By 1955, only Ford and Mercury offered a woody-like model; however the look was accomplished with steel, plastics and various materials, such as DiNoc (a vinyl product) to simulate broad expanses of wood. Ford Motor Company is an American Multinational corporation and the world's fourth largest automaker based on Worldwide vehicle sales, following Mercury is an Automobile Marque of the Ford Motor Company founded in 1939 by Edsel Ford, son of Henry Ford, to market entry-level-luxury Plastic is the general common term for a wide range of synthetic or semisynthetic organic solid materials suitable for the manufacture of industrial products A vinyl compound is any Organic compound that contains a vinyl group (also called ethenyl) &minus C[[Hydrogen H]] =CH sub>2 Known as the Ford Country Squire, this heavily-trimmed full-size wagon was a staple of the Ford line from the 1940s to the 1990s. The Ford Country Squire was a Full-size Station wagon built by the Ford Motor Company from 1950 until 1991 it was based on the Ford full-size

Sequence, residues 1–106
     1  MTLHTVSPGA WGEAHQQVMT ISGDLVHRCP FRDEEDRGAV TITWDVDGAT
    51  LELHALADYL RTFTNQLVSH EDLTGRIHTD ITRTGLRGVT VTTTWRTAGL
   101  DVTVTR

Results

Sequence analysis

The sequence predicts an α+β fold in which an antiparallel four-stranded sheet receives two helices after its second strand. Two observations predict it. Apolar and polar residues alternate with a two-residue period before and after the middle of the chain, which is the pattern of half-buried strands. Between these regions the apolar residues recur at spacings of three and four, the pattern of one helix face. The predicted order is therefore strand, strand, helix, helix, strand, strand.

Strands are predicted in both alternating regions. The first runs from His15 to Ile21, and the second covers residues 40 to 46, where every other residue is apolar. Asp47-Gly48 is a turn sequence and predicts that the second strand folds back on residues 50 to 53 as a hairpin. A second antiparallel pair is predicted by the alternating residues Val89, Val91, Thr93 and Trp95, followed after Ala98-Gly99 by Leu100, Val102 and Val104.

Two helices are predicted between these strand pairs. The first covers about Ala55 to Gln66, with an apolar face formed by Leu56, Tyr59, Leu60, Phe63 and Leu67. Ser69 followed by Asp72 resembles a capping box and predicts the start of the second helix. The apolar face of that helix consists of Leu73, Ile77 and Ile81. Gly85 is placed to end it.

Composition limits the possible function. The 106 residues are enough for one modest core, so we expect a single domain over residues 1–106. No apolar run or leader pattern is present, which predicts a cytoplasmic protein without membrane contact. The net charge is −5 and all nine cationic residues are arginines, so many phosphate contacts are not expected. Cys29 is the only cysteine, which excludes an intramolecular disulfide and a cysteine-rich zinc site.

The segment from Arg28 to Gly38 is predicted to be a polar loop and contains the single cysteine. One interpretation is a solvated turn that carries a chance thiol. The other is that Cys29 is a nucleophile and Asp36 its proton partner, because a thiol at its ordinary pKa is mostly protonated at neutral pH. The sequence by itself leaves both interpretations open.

Reintroduction of woody decorated station wagons by other makers in America began in 1966 when Dodge offered the look for the first time in fifteen years. By 1967, simulated "wood" decoration was used exclusively on top line models, with unadorned vehicles denoting lower price and status models.
In many suburban communities, owning a current year woody station wagon was a sign of affluence and good taste. In the 1980s and early 1990s, the idea of "fake wood" became archaic and manufacturers dropped the option. With the introduction of the retro-styled Chrysler PT Cruiser, aftermarket firms began selling faux woodie kits designed to evoke a sense of nostalgia. The Chrysler PT Cruiser is a typically American " Retro "-styled Station wagon or Hatchback built by Chrysler, launched in 2000 as an